Gwendolyn Brooks (1917-2000) wrote poetry for more than 70 years, and has the distinction of being the first black author to win the Pulitzer Prize (in 1950 for Annie Allen: Poems). She also received numerous other honors and recognitions, including a nomination for the National Book Award, the National Medal for the Arts, serving as poet laureate of Illinois and poet laureate of the United States, the Frost Medal, the Shelley Memorial Award, an award from the American Academy of Arts and Letters, and more than 75 honorary degrees from colleges and universities.
This poem is from Selected Poems (2006) but was first published in The Bean Eaters (1960).
A Lonely Love
Let it be alleys. Let it be a hall
Whose janitor javelins epithet and thought
To cheapen hyacinth darkness that we sought
And played we found, rot, make the petals fall.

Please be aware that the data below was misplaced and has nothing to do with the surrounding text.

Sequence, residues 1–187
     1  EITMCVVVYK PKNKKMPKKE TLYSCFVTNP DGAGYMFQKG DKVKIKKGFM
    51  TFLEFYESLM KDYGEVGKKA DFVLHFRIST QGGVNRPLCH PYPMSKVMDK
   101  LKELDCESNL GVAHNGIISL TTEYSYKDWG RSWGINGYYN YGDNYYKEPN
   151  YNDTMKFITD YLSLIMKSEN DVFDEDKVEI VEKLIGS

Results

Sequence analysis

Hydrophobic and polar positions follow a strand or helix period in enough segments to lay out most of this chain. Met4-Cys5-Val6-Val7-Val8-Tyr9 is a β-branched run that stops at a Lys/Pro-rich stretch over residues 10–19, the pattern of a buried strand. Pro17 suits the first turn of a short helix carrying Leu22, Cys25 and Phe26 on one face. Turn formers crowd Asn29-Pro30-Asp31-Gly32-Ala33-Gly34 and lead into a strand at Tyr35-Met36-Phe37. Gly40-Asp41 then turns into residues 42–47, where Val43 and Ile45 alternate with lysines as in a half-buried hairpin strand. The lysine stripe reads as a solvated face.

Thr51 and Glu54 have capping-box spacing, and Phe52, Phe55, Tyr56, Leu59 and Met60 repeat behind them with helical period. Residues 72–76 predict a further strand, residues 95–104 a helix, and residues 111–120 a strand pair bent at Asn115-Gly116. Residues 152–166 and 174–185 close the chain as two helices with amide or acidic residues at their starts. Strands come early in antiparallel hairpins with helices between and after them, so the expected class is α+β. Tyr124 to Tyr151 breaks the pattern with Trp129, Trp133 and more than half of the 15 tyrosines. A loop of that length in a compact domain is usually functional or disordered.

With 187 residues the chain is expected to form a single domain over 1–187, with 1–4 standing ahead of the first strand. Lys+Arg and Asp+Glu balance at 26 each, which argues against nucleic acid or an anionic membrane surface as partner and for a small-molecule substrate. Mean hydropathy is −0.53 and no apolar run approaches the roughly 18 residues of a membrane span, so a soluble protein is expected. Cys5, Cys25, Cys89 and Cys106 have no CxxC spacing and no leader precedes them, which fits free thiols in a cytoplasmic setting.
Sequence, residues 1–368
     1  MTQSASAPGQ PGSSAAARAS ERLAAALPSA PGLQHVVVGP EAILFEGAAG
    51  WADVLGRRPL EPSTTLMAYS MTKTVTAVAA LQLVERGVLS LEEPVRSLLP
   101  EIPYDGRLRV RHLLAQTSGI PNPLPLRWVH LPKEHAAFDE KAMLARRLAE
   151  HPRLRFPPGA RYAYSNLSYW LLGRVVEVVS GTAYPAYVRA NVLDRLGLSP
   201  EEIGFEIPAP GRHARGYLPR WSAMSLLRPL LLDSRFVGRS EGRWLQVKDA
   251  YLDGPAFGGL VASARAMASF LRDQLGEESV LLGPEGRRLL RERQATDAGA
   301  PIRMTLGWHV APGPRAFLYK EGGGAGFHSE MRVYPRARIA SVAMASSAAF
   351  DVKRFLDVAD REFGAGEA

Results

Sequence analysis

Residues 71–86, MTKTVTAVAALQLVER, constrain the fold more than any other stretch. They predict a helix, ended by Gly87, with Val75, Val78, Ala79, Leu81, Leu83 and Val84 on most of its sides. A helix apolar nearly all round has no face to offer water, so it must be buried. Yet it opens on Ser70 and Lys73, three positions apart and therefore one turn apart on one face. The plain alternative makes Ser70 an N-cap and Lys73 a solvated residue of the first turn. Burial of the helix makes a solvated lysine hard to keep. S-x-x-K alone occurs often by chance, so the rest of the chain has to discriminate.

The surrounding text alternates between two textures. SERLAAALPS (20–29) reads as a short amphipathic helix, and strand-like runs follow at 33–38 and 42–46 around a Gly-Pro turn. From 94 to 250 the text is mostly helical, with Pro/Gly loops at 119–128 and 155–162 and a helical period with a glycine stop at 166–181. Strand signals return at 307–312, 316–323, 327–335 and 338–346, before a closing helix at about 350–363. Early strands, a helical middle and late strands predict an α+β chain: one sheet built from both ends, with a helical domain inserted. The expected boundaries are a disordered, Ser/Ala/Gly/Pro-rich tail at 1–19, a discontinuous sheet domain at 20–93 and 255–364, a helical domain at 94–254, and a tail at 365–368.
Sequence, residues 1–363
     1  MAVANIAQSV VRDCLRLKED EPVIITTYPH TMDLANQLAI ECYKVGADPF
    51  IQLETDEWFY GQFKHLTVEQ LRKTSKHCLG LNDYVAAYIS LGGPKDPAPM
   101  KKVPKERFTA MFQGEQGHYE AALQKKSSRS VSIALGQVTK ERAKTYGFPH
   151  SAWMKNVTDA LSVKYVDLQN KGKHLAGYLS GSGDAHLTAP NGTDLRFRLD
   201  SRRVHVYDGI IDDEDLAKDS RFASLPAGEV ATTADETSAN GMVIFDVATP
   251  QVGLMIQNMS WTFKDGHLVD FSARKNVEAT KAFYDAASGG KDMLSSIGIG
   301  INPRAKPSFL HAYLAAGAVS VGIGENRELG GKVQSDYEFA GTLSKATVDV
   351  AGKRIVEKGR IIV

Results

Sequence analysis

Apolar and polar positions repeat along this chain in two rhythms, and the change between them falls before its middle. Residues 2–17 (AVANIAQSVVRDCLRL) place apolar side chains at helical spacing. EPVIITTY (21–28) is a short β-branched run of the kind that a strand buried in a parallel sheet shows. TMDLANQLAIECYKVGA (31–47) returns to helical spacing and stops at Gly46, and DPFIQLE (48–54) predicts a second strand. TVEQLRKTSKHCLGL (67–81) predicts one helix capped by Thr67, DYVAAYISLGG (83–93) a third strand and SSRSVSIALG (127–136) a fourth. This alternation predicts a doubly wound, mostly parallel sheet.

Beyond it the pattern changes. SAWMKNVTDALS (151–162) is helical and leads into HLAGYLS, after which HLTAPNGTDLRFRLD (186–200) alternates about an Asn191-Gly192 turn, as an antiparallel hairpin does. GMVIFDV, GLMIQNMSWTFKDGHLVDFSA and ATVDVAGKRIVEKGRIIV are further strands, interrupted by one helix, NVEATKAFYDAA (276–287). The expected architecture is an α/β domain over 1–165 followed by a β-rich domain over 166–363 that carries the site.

Let it be stairways, and a splintery box
Where you have thrown me, scraped me with your kiss,
Have honed me, have released me after this
Cavern kindness, smiled away our shocks.
That is the birthright of our lonely love
In swaddling clothes. Not like that Other one.
Not lit by any fondling star above.
Not found by any wise man, either. Run.
People are coming. They must not catch us here
Definitionless in this strict atmosphere.
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Megan Willome says
Just discovered Gwendolyn Brooks a couple of months ago, but I didn’t know this poem. Thanks!
Linda Reid says
Love Gwendolyn Brooks poetry. Her words flow so well.